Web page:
These open access initiatives have contributed to and been primarily supported by UTL’s mission and values, which are based on four purposeful pathways: to expand and cultivate partnerships that contribute to research, teaching, and learning; develop a framework to support digital scholarship; prioritize distinctive collections; and focus on transformative spaces and innovative services. Additionally, UTL’s priority in generating and supporting open educational resources has led to the development of open repositories, such as Texas ScholarWorks and the Texas Data Repository through the Texas Digital Library, vital infrastructure that better positions LLILAS Benson in the creation of and access to much-needed teaching resources for Latin American and Latina/o Studies.

Key responsibilities

The Fellow for Data Curation in Latin American and Latina/o Studies will contribute to “collections as data” efforts, open educational resources, and digital scholarship initiatives at LLILAS Benson. S/he will engage with faculty and students (graduate and undergraduate) from various departments, Benson special collections and UTL staff, and partner institutions in the U.S. and Latin America to transform existing digital repositories into an ecosystem of resources for teaching and research.

Specific responsibilities include:

  • Partnering with faculty to innovate teaching through the redesign or creation of new curricula, lesson plans, and workshops that draw on digital collections.
  • Curating datasets out of LLILAS Benson collection strengths to encourage the use of digital technologies in scholarship.
  • Exploring opportunities with post-custodial partner organizations and scholars to identify shared data and pedagogical needs from digital assets, and develop corresponding open, multilingual research and teaching resources.
  • Identifying best-practice for the ethical use of culturally/politically-sensitive content in the classroom and in public digital projects.
  • Engaging with a growing community of digital humanists across departments and collecting institutions to articulate a strategy for outreach and collaboration.
  • Writing grant proposals with affiliated faculty for “global classroom” and public engagement initiatives centered on LLILAS Benson digital collections.
  • Creating multilingual guides on digital tools and methods for use in courses and workshops taught at UT and partner institutions in the U.S. and Latin America.
  • Advising faculty and students on digital tools, techniques, collections, and repositories that are relevant to their research.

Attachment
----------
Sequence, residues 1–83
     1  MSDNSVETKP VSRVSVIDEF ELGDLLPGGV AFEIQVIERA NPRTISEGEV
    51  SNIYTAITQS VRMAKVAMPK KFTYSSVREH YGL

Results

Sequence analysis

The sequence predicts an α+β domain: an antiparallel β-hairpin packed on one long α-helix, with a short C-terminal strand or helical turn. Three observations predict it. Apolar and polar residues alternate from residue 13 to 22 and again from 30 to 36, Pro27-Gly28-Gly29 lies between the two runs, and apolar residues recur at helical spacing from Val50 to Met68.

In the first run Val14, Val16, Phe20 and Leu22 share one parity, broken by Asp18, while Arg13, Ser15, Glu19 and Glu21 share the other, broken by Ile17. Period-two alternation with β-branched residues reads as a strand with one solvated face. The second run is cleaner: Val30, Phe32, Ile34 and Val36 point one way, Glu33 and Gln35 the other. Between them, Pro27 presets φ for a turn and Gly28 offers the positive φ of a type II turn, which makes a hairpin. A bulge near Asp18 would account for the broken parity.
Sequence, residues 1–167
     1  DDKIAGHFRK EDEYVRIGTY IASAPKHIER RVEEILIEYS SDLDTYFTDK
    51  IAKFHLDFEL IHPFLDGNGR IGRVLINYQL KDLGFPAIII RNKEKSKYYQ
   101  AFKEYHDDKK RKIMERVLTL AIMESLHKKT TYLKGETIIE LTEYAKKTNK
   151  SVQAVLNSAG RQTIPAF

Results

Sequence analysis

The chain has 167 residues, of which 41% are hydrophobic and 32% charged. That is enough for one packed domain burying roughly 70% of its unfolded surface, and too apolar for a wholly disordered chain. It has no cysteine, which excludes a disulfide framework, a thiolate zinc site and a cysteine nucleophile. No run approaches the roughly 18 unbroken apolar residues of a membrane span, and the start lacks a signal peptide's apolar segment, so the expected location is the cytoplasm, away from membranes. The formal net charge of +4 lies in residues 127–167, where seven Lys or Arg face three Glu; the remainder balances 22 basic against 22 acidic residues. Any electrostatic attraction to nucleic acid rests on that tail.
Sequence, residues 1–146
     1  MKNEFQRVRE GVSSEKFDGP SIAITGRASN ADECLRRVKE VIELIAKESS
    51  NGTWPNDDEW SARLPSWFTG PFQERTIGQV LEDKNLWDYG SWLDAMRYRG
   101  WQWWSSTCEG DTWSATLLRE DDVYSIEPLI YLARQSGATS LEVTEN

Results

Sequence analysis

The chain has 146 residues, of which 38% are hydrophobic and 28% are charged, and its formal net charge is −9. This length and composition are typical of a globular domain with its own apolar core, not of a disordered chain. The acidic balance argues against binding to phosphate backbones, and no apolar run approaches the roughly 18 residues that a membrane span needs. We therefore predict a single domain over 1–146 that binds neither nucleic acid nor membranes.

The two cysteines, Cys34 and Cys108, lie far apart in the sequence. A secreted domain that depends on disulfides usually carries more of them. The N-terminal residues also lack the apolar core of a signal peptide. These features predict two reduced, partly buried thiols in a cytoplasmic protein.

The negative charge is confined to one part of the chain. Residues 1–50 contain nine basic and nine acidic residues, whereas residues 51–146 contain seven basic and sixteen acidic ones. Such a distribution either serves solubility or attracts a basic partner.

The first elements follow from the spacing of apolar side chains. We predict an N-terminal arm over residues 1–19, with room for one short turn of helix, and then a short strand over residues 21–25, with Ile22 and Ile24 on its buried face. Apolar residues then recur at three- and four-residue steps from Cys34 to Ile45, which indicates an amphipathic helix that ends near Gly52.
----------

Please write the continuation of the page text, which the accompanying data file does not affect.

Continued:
• Supporting the digital scholarship coordinator in the design and presentation of public and classroom workshops.

The Fellow will also have the opportunity to pursue her/his own research and/or teaching interests using LLILAS Benson digital holdings. This could include, but is not limited to: the development of a digital project aimed at facilitating the exploration and analysis of collections and metadata; the implementation of curricula based on the Fellow’s scholarship and designed around curated Benson collection assets and open-source tools; or the experimentation with social platforms to engage global scholarly networks in the collaborative description, analysis, and interpretation of digitized primary sources. The Fellow will be encouraged to share her/his innovations in digital scholarship and data curation at conferences, professional meetings, and local symposia.

Desired Skills & Expertise

The Fellow will hold a doctorate in a discipline relevant to the study of Latin America or Latina/os, and demonstrate familiarity and/or expertise in digital scholarship. Experience with digital teaching platforms, research tools/methodologies, assets, and metadata is highly desirable. Professional working proficiency in Spanish and/or Portuguese is required.

Compensation and Professional Development

The Fellow will receive a salary of $65,000 per year ($5,417 per month) plus benefits. S/he will also be eligible for funds to cover moving expenses and professional development funding, which can be used for conference travel, workshops, classes, and/or other training opportunities. LLILAS Benson’s Digital Scholarship Coordinator, Post-Custodial Archivist, and Head of Special Collections will work closely with the Fellow to support tasks and share expertise. Key responsibilities will also require regular interactions with UTL staff, affiliated faculty, and digital humanists throughout campus that can become mentorship opportunities. UTL and other UT Austin entities also offer regular training on diverse digital tools and methodologies that the Fellow can attend.